Having once been denied the right to vote, I am particularly sensitive when legislators restrict access to the ballot box. Tennessee's photo ID law, enacted last year, is a blatant attack on the right of every adult citizen to cast a ballot. Supporters justified the measure as a means to prevent voter fraud, a rare occurrence in Tennessee.
In 1964, my wife and I moved from Baltimore to Nashville to begin my medical internship at Vanderbilt. The Davidson County registrar would not permit us to register to vote, stating that we were students (I had graduated from medical school, and we were in our mid-20s) and, thus, not entitled to participate in elections. We had neither the resources nor the time to challenge her ruling. The issue took some years to resolve. Once enfranchised, I have seldom missed an opportunity to vote.
"Taxation without representation" was a rallying cry for American colonists who opposed British rule. Once independence was achieved, however, voting rights were limited to white property owners. Most white men were allowed to vote by the early decades of the 19th century.
In 1848, a meeting at Seneca Falls, N.Y., launched the campaign to enfranchise women. Not until the ratification of the 19th Amendment to the Constitution in August 1920 did women finally gain the right to vote. Tennessee's legislature played a pivotal role in the ratification process.
The 15th Amendment, ratified in 1870, stated that the right to vote could not be denied on the basis of race, color or previous slavery. Following the turbulent era of Reconstruction, most Southern states enacted laws that mandated poll taxes and literacy tests to block blacks from voting. In 1937, the U.S. Supreme Court upheld the constitutionality of poll taxes.
Ratification of the 24th Amendment to the Constitution in 1964 outlawed poll taxes as a condition for voting in federal elections.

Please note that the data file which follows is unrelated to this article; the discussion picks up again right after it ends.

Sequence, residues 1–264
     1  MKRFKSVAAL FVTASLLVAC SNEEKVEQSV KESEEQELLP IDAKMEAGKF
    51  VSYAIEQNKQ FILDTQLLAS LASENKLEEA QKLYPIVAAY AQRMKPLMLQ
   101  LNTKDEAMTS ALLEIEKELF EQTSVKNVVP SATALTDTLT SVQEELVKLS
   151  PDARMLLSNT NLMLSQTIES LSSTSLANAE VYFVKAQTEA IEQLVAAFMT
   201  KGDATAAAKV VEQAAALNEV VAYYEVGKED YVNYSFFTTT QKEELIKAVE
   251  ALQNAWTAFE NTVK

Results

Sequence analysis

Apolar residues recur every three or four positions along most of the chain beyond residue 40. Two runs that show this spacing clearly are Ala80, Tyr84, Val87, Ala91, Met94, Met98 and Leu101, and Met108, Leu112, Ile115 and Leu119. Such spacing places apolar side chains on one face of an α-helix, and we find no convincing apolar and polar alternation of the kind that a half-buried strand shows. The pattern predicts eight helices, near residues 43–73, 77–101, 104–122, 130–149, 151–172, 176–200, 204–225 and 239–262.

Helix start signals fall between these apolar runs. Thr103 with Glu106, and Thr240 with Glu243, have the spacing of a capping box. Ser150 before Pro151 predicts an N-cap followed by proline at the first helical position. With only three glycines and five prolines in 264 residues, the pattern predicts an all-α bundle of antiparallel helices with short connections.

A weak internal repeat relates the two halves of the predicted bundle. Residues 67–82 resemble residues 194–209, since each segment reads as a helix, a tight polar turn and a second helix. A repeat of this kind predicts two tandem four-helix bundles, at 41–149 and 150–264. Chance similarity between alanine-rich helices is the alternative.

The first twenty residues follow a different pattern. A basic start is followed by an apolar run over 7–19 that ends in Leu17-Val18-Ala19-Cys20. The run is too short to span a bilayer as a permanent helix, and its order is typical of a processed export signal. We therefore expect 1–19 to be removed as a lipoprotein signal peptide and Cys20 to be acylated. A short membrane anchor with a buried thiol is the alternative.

With the passage of the Voters Rights Act of 1965, Congress prohibited the states from creating barriers to voting for racial and ethnic minorities. In addition, the Justice Department was given oversight of electoral practices in states with a history of racial discrimination. This landmark legislation sprang from a national revulsion against violence primarily directed against blacks in the South.
Last year, Tennessee joined Texas and South Carolina in ratifying strict photo identification for voters. Approved photos include those on state drivers licenses, gun permits, passports and government identification. Voters without approved identification can have a free photograph taken at a state driver service center. More than half of Tennessee counties lack a center.
A person seeking to vote without photo identification may cast a provisional ballot. He must present approved identification within 24 hours for his vote to count.
This law will prevent many thousands of Tennesseans from voting. More than 100,000 drivers over age 65 do not have a photograph on their license. Many people will be unable to take time off from work to travel to a photo center. Others will lack access to private or public transportation to visit centers.
Given the injustice of denying the right to vote, it seems only fair that every citizen who is turned away at the polls should be freed from paying any state or local taxes until the next election cycle. Alternatively, the General Assembly could allocate funds for mobile units to crisscross the state to make photo identification easily accessible for all Tennesseans of voting age.
We must not turn our backs on the historic struggle to enfranchise citizens.
Email Clif Cleaveland at firstname.lastname@example.org.